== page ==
I didn’t know, but I knew…
Have you ever heard someone make this statement? Have you ever heard a story and thought, “Surely, they had to know”? As a counselor, I have the privileges of hearing stories weekly of people in all types of situations and circumstances. It is truly and honor to walk through tough times with people or to help people process painful pasts. I don’t take it lightly that people trust me to share their deep concerns, thoughts, etc. With that said, there are often times, I say to individuals, “You knew, didn’t you?” and most often they respond with something similar to, “I did, but I didn’t want to know, so I suppressed it”.
At the end of WWII, when American soldiers discovered for the first time one of the concentration camps they had heard about in Ohrdruf, an American general ordered for the major of Ohrdruf and his wife to visit the camp. After visiting the concentration camp, the major and his wife killed themselves and a letter was found after that said, “We didn’t know, but we knew.” (www.clevelandandjewishnews.com)
Wow, you may say, “Thanks for depressing us today!” Here is the good news, turning this blog around…As a counselor who is also a Christian, I can offer hope to those who want to know. I believe as the Bible states, that the truth of God is written on the heart of all people (Romans 2:14-15 …They show that the work of the law is written on their hearts, while their conscience also bears witness, and their conflicting thoughts accuse or even excuse them”; Ecclesiastes 3:11: eternity is written on the heart of every man). Some people just suppress the truth, while others embrace it. I believe it is why atheists can’t explain where guilt, conscience, and the desire to worship something comes from. Most who dare to be honest with themselves, suppress the truth of a divine creator because they don’t want to ultimately be accountable for their actions and what they’ve done with their lives.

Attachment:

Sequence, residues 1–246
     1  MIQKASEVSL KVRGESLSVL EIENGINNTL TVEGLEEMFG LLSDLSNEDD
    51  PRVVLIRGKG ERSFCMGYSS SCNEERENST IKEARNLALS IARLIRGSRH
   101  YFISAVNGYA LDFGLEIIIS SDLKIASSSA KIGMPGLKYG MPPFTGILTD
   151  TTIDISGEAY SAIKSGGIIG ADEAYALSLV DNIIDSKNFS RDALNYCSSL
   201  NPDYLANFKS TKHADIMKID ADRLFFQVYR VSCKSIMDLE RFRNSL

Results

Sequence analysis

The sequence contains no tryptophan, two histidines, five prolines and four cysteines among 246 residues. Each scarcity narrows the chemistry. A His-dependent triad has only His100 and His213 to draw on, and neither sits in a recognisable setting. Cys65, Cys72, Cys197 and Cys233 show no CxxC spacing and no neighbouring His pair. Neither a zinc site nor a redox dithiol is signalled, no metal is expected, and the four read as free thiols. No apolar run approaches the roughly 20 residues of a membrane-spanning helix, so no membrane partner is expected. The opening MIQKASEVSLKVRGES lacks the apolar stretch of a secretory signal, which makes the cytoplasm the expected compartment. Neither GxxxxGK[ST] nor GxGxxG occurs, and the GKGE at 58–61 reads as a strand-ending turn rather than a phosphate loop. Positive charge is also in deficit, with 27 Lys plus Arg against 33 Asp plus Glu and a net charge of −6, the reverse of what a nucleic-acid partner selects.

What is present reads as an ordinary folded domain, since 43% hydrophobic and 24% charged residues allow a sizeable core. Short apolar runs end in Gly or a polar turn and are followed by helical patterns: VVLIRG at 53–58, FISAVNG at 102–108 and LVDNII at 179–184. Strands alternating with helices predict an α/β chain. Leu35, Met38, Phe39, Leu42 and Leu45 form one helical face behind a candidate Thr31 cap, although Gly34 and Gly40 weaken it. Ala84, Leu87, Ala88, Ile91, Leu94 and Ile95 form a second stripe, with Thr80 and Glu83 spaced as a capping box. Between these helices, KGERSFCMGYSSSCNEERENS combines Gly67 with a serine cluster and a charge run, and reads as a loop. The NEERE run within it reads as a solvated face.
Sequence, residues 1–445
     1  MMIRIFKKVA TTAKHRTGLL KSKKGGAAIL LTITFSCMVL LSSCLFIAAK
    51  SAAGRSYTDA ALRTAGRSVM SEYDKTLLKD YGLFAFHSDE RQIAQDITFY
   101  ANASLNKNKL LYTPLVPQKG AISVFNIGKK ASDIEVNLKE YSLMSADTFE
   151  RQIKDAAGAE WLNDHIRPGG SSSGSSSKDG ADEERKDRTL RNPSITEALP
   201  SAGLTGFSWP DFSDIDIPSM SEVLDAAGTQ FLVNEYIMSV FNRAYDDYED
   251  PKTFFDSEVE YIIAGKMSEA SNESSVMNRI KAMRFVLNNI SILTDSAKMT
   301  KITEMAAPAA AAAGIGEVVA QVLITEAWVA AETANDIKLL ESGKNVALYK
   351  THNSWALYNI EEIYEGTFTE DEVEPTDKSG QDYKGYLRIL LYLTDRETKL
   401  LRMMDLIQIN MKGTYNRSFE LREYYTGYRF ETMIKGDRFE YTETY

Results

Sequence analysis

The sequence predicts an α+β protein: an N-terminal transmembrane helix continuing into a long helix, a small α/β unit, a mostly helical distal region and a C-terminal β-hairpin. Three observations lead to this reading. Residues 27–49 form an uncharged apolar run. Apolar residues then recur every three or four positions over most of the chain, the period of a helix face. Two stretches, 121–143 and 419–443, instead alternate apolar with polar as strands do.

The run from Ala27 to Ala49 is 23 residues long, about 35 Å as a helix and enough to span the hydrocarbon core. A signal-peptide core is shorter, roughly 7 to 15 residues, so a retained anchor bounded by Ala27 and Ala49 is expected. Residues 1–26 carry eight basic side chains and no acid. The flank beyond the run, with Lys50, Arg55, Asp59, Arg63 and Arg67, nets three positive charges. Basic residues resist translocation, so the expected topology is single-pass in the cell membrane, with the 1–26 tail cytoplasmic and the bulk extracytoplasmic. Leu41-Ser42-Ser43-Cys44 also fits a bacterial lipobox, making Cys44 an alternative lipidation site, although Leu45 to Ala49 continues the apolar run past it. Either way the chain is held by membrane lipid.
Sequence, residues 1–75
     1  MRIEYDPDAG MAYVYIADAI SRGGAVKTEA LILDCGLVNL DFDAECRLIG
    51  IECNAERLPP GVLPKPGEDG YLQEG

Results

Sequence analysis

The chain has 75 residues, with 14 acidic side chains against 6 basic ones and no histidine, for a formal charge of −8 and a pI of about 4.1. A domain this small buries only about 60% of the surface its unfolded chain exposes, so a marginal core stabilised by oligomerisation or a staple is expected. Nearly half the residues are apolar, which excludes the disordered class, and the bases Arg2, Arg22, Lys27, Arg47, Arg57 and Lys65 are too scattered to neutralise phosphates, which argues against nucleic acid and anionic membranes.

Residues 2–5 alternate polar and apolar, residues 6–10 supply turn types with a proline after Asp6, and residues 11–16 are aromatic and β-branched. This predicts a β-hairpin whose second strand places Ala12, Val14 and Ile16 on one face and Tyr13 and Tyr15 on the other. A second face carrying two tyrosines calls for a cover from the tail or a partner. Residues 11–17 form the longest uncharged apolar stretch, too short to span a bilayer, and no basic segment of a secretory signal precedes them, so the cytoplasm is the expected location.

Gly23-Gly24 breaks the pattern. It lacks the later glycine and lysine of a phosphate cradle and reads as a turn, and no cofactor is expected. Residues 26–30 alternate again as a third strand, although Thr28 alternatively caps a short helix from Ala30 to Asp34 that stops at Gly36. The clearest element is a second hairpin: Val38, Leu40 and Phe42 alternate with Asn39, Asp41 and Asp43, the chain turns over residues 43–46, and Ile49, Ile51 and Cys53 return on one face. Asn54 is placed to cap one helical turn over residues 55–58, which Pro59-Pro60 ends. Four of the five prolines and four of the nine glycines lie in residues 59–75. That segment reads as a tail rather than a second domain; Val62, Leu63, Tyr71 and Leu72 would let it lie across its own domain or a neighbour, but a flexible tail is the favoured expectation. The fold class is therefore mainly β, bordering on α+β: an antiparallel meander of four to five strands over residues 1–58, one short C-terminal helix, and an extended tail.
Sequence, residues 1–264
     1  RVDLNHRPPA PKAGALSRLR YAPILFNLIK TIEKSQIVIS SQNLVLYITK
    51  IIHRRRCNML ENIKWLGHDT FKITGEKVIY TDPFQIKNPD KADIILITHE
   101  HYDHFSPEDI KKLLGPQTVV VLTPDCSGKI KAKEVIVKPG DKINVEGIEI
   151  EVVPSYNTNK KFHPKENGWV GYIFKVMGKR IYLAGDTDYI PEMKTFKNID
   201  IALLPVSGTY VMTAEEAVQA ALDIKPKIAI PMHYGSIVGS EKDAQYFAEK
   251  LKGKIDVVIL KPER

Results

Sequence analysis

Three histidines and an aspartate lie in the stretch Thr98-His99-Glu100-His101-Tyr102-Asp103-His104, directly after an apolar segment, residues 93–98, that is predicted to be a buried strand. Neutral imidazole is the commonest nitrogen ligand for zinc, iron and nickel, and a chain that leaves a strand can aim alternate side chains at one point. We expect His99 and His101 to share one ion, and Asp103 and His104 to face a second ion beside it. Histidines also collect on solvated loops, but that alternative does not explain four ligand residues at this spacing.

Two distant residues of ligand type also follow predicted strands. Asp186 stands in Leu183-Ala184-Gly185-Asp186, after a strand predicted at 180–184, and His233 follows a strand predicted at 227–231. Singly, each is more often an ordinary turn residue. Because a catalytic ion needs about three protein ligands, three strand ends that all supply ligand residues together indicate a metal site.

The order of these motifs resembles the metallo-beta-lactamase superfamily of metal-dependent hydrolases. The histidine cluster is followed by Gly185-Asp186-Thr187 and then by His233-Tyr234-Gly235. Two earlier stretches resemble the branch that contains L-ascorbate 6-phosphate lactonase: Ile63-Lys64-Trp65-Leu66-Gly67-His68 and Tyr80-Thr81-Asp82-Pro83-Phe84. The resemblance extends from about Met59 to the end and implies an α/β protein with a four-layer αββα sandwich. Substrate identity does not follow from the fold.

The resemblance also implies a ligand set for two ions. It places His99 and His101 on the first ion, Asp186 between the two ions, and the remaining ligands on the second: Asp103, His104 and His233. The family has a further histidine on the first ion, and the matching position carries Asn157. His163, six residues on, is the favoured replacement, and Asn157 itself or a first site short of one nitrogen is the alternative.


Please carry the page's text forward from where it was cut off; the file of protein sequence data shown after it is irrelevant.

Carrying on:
The good news (the gospel) of Jesus Christ is that while we are accountable for our choices in life, He came to pay our debt. We could never do enough to make ourselves right in the eyes of a perfect God, but the good news is that Christianity isn’t about what we can do, but what was done for us. As we celebrate Easter, embrace what you know deep down, that a good God exists, He created you, although choice led us to go against Him, He provided a way back to a relationship with Him through Jesus who bled and died in our place and defeated death as He rose again so we don’t have to experience death (eternal separation from God and all good things).
As the end of your life, don’t let it be said as the mayor and his wife, “We didn’t know, but we knew.” May it be said about you, “I did know about God and I knew Him through his son Jesus!”
Hello Dr. Nat! Congratulations on getting your Doctorate!! Job well done!! I have the opportunity to pursue my Masters of Art in Human Services Counseling Degree and would love both your personal and professional opinion on what I can do with this degree? I understand that I would not be granted the licensure to counsel on my own. I understand this would be an assignment where I would be working directly under a peer counselor with a license? Is this correct and if so can you please elaborate more or explain your perception of what I can do with this degree?
I am seeking educational wisdom from a few of my peers and would love to hear from you.
Respectfully, Michelle Silman
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Thursday, April 18, 2019, 9:37 AM -0400 from firstname.lastname@example.org : >Natalie Atwell Counseling posted: “Have you ever heard someone make this statement? Have you ever heard a story and thought, “Surely, they had to know”? As a counselor, I have the privileges of hearing stories weekly of people in all types of situations and circumstances. It is truly and h” >